Unfortunately, people don’t always choose to be aware – out of selfishness or ignorance, and ultimately the responsibility for getting help rests on the individual struggling.
Self-Harm: Physical and Spiritual
Awareness requires going deeper than what is seen. The thing that we often neglect in behavioral addictions is that what is physical is also tied to the spiritual. In other words, things we do and say not only affect the world around us that we can see but also engage the world around us we can’t see.
Physically we understand how addiction affects the brain and becomes impulsive and self-gratifying. Also, there is a spiritual aspect to addiction. Our choice to engage self-harm to gratify us in the moment and resist God’s comfort has spiritual implications as well. It provides a loophole, a foothold if you will, where the enemy of our soul gets to send destruction into our lives, by our own hands! What we think is helping us is actually creating a wormhole of deception and doubt to take root. It isn’t enough that other people hurt us; the enemy’s response to that is to convince us to hurt ourselves!
One way that we can begin to break that pattern is to understand who stands to gain from self-harm.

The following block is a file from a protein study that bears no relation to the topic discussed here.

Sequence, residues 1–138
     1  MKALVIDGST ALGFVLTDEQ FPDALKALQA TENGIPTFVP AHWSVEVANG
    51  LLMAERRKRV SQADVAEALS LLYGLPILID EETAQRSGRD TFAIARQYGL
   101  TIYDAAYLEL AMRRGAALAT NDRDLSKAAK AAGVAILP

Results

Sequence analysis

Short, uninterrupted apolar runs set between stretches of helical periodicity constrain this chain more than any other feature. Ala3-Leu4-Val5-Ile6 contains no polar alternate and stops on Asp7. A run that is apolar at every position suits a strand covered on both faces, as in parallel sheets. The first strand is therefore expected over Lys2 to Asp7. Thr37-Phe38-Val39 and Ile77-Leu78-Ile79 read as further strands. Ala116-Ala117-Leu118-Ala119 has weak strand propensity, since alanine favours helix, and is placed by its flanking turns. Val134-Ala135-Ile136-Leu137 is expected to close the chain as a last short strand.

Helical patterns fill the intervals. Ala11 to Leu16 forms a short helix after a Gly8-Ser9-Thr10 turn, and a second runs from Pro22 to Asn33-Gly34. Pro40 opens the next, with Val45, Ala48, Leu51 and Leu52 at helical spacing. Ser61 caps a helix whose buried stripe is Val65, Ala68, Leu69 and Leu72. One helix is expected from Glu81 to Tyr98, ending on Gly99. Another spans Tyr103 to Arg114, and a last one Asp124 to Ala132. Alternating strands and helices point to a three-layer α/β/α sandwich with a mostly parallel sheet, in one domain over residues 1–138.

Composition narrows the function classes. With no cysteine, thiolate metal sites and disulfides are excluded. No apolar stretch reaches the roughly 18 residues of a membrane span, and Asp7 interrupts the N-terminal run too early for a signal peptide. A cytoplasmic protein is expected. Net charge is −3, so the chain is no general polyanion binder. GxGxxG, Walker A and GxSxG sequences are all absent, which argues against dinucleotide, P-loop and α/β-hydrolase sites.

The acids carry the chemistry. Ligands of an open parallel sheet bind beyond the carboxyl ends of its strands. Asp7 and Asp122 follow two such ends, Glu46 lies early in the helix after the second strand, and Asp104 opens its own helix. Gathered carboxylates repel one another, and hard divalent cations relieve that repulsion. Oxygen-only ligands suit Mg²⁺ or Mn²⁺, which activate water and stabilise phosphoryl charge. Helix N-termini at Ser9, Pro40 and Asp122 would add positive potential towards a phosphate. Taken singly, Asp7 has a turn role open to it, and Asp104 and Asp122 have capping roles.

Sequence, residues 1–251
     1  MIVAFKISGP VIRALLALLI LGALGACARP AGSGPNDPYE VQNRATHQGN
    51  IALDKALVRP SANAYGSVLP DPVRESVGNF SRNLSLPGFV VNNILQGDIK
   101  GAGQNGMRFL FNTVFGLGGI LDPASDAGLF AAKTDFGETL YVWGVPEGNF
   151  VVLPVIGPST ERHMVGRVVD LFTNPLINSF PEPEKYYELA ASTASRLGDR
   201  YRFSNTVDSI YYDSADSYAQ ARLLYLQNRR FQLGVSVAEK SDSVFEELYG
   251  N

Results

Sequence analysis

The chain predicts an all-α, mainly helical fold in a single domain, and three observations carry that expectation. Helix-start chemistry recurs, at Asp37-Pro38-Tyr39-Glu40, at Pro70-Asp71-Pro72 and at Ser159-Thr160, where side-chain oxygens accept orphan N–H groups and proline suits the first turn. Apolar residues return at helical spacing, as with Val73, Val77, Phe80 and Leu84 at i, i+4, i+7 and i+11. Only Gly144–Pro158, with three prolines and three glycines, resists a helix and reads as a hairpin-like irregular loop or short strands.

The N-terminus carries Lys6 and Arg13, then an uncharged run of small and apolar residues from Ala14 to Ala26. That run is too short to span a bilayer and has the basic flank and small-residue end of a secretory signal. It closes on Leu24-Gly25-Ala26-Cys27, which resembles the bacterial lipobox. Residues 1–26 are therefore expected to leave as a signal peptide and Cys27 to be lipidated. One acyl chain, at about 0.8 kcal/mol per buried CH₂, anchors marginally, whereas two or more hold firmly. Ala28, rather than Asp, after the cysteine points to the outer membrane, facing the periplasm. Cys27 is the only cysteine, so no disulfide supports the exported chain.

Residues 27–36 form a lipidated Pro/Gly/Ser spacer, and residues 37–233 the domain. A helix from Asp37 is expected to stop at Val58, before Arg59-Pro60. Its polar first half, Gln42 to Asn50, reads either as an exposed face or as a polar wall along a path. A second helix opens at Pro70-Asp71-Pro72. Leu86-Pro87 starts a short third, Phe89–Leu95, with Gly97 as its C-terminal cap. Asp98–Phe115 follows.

John 10:10 says this:
A thief has only one thing in mind—he wants to steal, slaughter (or sacrifice), and destroy. But I have come to give you everything in abundance, more than you expect—life in its fullness until you overflow!
In those moments of temptation to bring harm to yourself, or if others share with you their desire to self-harm, think about the END result. As some might say, play the tape through. After the initial release and the pain, what next? Generally, shame visits. Right? The enemy’s main tactic is to steal our identity by getting us to doubt our worth, our value, or our acceptance. Which does self-harm lead us to choose? Life? Joy? Abundance?
No. Generally, it tries to reinforces depression, discouragement, anxiety, and fear. Who gains from that?
Awareness without action doesn’t change anything. And with action, the more challenging thing is often the best choice. Seeking accountability in those moments and reaching out to others will be hard and uncomfortable. Still, the flip side of that is harder and more costly. Make sure that you aren’t isolating in that place because that is exactly where the enemy tries to come against us in our own minds, thoughts, and feelings. Sharing those thoughts and feelings with others before you engage in the behavior can alleviate some of the pain and the temptation. Do the best thing and invite someone into your struggle. Skin check accountability has been proven to be effective, and inviting someone into that space, though intimate, can provide the support of feeling seen and protected.